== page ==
Friday, May 26, 2006

Justice Served For Enron Victims, But, Where's Mine?

I sympathize with the victims of the Enron fraud. They basically had their livelihood taken away due to fraud and market manipulation by Ken Lay and Jeffery Skilling. The former employees of Enron Corp have, with the convictions of Schilling and Lay, achieved some closure and vindication. They more than likely will not, however, be able to recover the part of their lives which was taken from them.
I sympathize, because I, too had a lucrative career and pension which I was deprived of due to a combination of asbestos litigation and NAFTA. In a way, I am a victim of asbestos poisoning, though I was never exposed and have not become ill from it. Nor am I a perpetrator of any asbestos related crime, as I never used nor advocated the use of asbestos in ship and structure construction.
In the 1940s, the Department of the Navy required that asbestos be used in the construction of their ships. Eagle-Picher, the company I worked for in the 80's and 90's, had been one of the companies contracted to build ships for the Navy. Apparently, in the 1940s and 1950s, the dangers of asbestos were not widely known. In the late 1960s, when people began getting ill, and the illness was attributed to asbestos exposure, trial lawyers everywhere seized the opportunity to fatten their wallets by claiming "punitive damages" for the victims of asbestos exposure. The ensuing litigation, which continued for twenty years, eventually bankrupted Eagle-Picher, even before any verdict or settlement was reached, due to legal fees. Interesting to note, no charges were ever brought against the administrations of FDR or Harry Truman, or the Department of Defense, for advocating, and requiring the use of asbestos.
Eagle-Picher possibly, even likely, could have recovered from bankruptcy. Businesses, individuals, and corporations have often done so. The North American Free Trade Agreement, or NAFTA, proposed by Ronald Reagan and signed into law by Bill Clinton, tilted the playing field toward those manufacturers which practiced outsourcing of jobs and product or parts manufacturing to Mexico and Canada. Eagle-Picher was priced out of the market, and many career employees, such as myself, lost their livelihood and their pensions. Furthermore, I have been unable to find a job in my chosen profession, for jobs in my area of electronics skills have been outsourced to China, India, and other countries where labor is cheaper and less taxed than in the United States. No charges have been brought against the government concerning market manipulation.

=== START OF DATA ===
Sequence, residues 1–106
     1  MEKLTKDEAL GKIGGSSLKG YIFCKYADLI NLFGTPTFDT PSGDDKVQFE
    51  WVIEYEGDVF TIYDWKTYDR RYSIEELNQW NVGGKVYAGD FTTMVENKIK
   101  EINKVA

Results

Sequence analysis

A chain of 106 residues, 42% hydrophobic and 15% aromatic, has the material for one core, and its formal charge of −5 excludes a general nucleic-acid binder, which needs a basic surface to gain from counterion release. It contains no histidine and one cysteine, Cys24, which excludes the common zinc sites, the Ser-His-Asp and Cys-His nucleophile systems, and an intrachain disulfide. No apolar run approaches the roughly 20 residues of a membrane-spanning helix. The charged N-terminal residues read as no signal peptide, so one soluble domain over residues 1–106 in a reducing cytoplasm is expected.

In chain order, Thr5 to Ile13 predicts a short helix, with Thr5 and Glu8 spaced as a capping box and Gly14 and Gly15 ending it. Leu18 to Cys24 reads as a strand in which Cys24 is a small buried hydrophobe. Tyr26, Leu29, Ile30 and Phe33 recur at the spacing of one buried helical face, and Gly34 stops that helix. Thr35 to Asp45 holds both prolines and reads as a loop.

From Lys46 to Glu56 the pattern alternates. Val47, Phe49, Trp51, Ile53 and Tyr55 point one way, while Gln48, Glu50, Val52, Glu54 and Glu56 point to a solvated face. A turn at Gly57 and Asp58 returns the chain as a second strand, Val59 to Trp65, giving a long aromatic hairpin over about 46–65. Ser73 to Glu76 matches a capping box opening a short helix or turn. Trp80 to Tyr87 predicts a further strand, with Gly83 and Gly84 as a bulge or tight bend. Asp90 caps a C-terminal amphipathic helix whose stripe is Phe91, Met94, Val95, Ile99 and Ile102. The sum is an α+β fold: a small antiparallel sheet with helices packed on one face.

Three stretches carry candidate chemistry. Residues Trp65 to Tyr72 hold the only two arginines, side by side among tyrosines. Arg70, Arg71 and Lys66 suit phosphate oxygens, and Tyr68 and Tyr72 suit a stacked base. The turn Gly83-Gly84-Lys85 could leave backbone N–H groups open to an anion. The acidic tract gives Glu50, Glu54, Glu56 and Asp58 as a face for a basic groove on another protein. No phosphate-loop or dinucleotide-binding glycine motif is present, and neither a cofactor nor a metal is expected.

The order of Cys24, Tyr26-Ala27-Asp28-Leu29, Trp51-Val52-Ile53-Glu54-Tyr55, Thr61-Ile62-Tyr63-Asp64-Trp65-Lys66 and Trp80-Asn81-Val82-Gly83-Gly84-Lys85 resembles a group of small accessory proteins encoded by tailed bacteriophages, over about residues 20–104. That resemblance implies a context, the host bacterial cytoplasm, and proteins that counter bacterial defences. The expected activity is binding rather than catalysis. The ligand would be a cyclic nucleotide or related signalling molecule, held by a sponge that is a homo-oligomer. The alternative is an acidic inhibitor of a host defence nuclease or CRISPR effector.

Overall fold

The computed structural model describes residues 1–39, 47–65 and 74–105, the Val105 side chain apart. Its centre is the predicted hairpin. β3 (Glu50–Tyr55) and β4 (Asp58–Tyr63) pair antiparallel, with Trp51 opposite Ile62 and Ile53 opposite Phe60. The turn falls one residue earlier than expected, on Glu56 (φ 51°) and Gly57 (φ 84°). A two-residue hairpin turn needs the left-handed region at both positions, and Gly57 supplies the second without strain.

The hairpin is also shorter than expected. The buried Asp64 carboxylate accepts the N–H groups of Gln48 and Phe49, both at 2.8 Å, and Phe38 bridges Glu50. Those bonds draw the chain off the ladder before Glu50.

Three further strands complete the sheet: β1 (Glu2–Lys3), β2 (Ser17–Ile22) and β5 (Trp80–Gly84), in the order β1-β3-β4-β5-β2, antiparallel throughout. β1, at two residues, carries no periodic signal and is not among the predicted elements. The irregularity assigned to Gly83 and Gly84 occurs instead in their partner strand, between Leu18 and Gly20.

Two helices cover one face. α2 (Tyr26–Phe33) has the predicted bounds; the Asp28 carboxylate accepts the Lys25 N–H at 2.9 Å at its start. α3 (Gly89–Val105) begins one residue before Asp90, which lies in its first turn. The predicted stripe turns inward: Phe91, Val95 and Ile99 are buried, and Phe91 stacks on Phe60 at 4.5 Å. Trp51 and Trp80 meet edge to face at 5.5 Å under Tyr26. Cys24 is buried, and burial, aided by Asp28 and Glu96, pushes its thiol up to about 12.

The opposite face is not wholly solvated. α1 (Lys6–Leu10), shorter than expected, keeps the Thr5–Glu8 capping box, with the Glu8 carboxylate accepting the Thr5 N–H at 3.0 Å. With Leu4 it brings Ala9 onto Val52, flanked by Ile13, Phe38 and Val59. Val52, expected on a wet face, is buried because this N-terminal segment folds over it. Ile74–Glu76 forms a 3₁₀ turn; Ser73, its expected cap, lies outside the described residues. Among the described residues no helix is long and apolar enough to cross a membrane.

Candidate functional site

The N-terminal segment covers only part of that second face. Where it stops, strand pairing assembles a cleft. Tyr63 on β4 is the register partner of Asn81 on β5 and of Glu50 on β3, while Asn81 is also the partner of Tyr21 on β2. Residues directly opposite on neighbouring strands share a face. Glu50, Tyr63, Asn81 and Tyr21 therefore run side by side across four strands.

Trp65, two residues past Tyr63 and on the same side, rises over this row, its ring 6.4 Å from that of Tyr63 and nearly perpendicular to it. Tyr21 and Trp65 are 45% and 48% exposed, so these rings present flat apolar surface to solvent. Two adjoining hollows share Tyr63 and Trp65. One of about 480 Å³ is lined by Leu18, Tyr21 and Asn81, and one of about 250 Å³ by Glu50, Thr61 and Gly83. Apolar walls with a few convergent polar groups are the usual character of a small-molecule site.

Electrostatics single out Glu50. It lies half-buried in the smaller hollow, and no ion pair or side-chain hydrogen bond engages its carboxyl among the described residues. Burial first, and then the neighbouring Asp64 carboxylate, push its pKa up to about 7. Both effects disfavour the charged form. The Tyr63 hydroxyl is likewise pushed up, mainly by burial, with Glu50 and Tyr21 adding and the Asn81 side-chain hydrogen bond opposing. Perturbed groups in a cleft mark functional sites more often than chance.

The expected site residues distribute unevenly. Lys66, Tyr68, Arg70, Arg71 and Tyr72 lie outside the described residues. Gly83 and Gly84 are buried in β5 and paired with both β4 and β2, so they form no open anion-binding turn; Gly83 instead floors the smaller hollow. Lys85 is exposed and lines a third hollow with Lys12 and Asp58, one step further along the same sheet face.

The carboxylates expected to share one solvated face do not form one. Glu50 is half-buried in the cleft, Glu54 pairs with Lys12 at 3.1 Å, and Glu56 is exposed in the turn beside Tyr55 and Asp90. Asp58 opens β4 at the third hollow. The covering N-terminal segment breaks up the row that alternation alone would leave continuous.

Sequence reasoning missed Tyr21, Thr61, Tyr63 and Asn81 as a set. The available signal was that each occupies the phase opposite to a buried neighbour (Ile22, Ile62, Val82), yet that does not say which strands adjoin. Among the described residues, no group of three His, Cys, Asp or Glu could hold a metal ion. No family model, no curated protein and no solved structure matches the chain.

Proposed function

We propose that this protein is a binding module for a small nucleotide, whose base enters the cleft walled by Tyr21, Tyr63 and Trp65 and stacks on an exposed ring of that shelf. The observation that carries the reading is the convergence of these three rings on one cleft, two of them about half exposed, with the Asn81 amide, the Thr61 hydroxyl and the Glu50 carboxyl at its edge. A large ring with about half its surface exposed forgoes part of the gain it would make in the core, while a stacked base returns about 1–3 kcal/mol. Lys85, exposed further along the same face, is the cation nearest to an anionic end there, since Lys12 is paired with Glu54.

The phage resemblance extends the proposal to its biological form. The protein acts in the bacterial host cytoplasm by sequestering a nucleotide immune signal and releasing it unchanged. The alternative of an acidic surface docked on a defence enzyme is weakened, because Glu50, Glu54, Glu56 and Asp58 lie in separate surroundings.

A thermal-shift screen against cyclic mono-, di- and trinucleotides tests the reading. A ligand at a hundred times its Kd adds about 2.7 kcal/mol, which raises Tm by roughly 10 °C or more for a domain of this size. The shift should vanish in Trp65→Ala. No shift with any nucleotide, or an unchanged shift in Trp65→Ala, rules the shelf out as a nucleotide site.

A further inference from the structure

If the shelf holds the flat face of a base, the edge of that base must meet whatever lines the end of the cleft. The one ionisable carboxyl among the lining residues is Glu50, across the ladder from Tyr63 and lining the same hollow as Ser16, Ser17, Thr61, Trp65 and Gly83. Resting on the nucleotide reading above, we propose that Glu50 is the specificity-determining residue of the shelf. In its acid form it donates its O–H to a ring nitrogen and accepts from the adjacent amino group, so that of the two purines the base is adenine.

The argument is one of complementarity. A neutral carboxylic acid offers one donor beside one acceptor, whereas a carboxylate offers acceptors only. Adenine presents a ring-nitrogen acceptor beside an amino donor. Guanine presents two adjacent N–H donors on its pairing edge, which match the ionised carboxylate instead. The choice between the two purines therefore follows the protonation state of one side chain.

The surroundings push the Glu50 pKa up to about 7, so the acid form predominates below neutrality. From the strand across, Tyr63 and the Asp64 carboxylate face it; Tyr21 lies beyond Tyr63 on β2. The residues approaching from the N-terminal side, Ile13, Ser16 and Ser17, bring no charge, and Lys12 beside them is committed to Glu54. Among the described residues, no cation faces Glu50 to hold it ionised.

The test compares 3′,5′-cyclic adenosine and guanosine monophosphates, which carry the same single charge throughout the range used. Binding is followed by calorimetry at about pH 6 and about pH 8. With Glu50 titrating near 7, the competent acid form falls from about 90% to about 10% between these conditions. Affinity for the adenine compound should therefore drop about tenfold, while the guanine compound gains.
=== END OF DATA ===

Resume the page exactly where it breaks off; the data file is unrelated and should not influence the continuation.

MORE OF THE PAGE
There could have been some closure concerning the trial lawyers. Legislation which would have established an Asbestos Victims Fund, to be funded by companies which exposed employees to asbestos, does not pay any fees to the trial lawyers. The money would have gone to the victims or their survivors, and none of it would have gone to the lawyers. It would have been a minor victory, but it was defeated in the Senate last February.
I am happy for those former employees of Enron, who, at least, seen justice served. But as I go to work at an American sweat shop, where workers are deprived of dignity, encouraged not to feel good about their job, not even given a "well done," and basically treated like human scum, I can't help but to wonder, "Where's mine?"

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